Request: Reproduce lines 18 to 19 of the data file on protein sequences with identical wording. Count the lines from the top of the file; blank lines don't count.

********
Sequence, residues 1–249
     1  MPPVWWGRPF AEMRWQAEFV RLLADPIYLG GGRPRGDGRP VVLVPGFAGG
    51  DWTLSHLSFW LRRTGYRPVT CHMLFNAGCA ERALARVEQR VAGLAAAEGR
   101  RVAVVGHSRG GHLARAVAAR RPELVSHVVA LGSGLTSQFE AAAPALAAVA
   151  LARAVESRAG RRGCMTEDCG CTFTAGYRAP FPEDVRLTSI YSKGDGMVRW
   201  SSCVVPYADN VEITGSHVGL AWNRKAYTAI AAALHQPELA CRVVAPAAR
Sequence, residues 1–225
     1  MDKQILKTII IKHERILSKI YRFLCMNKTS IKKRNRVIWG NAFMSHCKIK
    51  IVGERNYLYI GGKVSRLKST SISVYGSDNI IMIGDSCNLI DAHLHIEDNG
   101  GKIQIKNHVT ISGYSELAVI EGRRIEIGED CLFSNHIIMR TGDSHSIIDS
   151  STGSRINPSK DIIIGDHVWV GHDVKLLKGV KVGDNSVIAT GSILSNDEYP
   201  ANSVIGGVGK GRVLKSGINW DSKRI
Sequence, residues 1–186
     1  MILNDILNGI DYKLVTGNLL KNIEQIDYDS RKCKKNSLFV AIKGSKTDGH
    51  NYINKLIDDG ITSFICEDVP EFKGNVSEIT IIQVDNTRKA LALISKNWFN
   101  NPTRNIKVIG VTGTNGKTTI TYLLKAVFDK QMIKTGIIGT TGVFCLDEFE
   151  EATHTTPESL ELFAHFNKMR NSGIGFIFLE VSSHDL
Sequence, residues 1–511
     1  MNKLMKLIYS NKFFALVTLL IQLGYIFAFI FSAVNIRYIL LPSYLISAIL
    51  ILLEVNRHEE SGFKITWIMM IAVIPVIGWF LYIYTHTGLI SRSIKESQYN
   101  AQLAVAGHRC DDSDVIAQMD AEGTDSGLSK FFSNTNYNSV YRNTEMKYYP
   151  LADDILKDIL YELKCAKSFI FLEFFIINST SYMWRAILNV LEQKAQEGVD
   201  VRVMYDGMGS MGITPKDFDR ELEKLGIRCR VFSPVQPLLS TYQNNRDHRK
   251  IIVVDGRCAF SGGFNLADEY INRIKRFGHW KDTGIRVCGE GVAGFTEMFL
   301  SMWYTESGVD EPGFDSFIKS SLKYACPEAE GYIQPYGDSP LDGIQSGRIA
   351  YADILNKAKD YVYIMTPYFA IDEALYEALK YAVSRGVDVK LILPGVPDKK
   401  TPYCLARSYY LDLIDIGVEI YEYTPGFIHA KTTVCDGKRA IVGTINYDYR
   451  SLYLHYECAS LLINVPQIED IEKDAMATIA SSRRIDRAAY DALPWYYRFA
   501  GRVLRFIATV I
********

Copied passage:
Sequence, residues 1–511
     1  MNKLMKLIYS NKFFALVTLL IQLGYIFAFI FSAVNIRYIL LPSYLISAIL